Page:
Apache helicopters complete training on HMS Prince of Wales
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Apache helicopters complete training on HMS Prince of Wales

23 Jun 2021 (Last Updated June 23rd, 2021 12:35)

During the training, the 656 Squadron operating Apache helicopters shared flight deck with RAF Chinooks and Royal Navy Merlins.

Apache helicopters complete training on HMS Prince of Wales
An Apache crew carries out pre-flight checks on the flight deck before a dawn sortie. Credit: Royal Navy.

Three Apache helicopters have completed a two-week training on the British Royal Navy’s Queen Elizabeth-class aircraft carrier HMS Prince of Wales.

The training was part of a task that involved preparing the aircraft carrier personnel in handling these attack helicopters, as well as familiarising the air crew with operations at sea.

The three helicopters from the Army Air Corps’ maritime Apache squadron, 656, landed onboard HMS Prince of Wales before it sailed for a series of trials and training programmes in the English and Bristol Channels.

During the fortnight long training, the Army Air Corps fliers landed and took off 161 times.

One new pilot is now qualified for maritime operations by day/night, while another eight members regained or maintained their capabilities.

The two-week exercise saw the 656 Squadron sharing the flight deck with RAF Chinooks and Royal Navy Merlins.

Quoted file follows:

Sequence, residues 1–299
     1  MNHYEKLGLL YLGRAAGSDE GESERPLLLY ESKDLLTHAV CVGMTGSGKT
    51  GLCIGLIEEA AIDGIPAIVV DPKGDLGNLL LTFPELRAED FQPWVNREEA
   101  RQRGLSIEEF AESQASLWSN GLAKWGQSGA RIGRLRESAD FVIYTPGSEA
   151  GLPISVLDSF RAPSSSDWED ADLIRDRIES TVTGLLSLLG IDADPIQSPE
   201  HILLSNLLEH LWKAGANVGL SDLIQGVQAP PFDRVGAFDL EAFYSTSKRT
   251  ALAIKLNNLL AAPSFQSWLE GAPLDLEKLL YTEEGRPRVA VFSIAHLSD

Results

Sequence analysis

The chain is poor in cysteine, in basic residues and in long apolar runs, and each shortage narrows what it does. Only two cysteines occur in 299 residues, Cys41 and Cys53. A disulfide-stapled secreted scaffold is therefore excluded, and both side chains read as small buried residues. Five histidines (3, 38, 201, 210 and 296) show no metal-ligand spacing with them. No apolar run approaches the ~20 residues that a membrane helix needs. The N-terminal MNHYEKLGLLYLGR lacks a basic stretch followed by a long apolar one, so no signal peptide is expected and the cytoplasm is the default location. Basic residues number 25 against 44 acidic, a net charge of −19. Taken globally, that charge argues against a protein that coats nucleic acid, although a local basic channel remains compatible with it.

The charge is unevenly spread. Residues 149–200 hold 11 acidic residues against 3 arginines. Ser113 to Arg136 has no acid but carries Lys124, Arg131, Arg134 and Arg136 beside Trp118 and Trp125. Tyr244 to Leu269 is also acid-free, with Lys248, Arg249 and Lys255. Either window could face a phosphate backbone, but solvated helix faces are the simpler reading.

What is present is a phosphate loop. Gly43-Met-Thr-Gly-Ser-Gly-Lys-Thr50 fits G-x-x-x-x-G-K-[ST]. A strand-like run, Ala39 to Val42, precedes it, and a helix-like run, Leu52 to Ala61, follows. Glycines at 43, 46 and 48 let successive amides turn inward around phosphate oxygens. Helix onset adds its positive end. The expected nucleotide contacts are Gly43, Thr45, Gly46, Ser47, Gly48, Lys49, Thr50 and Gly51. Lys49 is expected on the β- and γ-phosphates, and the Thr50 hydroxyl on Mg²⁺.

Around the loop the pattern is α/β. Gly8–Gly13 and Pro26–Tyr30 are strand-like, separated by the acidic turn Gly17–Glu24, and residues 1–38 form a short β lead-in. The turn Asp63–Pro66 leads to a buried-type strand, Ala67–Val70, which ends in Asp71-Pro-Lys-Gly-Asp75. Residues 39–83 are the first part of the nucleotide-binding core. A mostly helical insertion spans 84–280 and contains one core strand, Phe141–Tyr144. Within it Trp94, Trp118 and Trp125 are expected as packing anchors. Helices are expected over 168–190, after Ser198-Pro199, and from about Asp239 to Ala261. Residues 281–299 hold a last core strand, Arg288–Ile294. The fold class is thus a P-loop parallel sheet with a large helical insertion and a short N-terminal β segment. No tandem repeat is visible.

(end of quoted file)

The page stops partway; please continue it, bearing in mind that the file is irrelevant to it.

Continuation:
F-35 Lightning jets also recently landed on HMS Prince of Wales for the first time.

Apache pilot major Tony Thompson, who instructed the air crew, said: “HMS Prince of Wales is a much larger ship to land on, but she’s also much darker.

“It’s quite intimidating, it’s not until you are right next to the ship they you can make out enough detail on her to land.”

These aircraft from 656 Squadron have modified gunships equipped with floatation devices, while the remaining capabilities are similar to its counterparts that operate over land.

The Apache helicopters feature a chain gun capable of firing 600 rounds a minute, CRV rockets to destroy buildings and Hellfire anti-tank missiles.

Separately, the Royal Navy announced that the F-35 jets have joined their first combat missions from HMS Queen Elizabeth.

The stealth jets carried out operational sorties in support of Operation Shader and US Operation Inherent Resolve.